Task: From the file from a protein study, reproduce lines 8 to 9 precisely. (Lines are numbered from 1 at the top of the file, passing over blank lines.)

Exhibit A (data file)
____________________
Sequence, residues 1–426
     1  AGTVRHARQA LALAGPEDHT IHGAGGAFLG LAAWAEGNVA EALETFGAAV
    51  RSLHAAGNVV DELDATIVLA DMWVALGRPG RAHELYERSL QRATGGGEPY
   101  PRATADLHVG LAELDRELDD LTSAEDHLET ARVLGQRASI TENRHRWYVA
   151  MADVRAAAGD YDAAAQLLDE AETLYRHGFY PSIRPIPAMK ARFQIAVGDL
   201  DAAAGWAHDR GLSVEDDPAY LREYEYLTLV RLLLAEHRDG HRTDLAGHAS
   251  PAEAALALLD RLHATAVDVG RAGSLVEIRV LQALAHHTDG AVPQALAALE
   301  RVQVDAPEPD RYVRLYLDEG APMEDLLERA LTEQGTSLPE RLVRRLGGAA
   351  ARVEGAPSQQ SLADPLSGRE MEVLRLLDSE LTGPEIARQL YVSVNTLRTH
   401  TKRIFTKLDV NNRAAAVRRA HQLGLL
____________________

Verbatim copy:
   301  RVQVDAPEPD RYVRLYLDEG APMEDLLERA LTEQGTSLPE RLVRRLGGAA
   351  ARVEGAPSQQ SLADPLSGRE MEVLRLLDSE LTGPEIARQL YVSVNTLRTH